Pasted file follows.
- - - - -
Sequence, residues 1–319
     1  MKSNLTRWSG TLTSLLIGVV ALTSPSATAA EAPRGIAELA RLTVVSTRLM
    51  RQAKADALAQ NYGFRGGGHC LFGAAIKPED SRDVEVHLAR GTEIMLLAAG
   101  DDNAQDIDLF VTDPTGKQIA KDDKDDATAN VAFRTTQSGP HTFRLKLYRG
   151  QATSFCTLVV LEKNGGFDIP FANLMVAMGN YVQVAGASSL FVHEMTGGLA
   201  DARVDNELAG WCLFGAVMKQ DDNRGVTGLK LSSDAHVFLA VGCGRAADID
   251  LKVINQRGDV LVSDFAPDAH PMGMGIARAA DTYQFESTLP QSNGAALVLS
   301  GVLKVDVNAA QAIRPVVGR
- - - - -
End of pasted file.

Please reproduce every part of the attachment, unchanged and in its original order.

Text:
Sequence, residues 1–319
     1  MKSNLTRWSG TLTSLLIGVV ALTSPSATAA EAPRGIAELA RLTVVSTRLM
    51  RQAKADALAQ NYGFRGGGHC LFGAAIKPED SRDVEVHLAR GTEIMLLAAG
   101  DDNAQDIDLF VTDPTGKQIA KDDKDDATAN VAFRTTQSGP HTFRLKLYRG
   151  QATSFCTLVV LEKNGGFDIP FANLMVAMGN YVQVAGASSL FVHEMTGGLA
   201  DARVDNELAG WCLFGAVMKQ DDNRGVTGLK LSSDAHVFLA VGCGRAADID
   251  LKVINQRGDV LVSDFAPDAH PMGMGIARAA DTYQFESTLP QSNGAALVLS
   301  GVLKVDVNAA QAIRPVVGR